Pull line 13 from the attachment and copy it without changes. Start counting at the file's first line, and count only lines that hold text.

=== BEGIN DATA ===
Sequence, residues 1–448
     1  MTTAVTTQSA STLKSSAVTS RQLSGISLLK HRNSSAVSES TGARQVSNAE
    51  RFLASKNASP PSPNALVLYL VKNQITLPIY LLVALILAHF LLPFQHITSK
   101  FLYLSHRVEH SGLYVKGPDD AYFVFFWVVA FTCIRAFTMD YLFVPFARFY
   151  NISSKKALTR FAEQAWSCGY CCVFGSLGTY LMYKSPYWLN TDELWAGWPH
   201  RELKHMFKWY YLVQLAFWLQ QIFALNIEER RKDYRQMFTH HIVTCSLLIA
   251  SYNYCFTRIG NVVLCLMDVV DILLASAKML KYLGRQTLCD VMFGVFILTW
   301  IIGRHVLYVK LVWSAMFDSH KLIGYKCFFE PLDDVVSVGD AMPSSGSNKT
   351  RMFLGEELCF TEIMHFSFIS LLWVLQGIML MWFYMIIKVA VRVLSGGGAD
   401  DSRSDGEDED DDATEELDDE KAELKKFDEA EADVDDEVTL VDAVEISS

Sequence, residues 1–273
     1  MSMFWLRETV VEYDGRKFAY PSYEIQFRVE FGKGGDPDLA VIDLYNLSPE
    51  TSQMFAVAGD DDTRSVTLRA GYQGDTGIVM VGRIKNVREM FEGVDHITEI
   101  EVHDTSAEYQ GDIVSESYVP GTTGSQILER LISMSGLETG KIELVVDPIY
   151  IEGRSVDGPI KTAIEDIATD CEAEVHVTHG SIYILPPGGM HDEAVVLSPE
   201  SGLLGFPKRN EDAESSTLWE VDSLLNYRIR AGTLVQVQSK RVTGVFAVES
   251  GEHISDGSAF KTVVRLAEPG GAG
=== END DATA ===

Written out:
    51  TSQMFAVAGD DDTRSVTLRA GYQGDTGIVM VGRIKNVREM FEGVDHITEI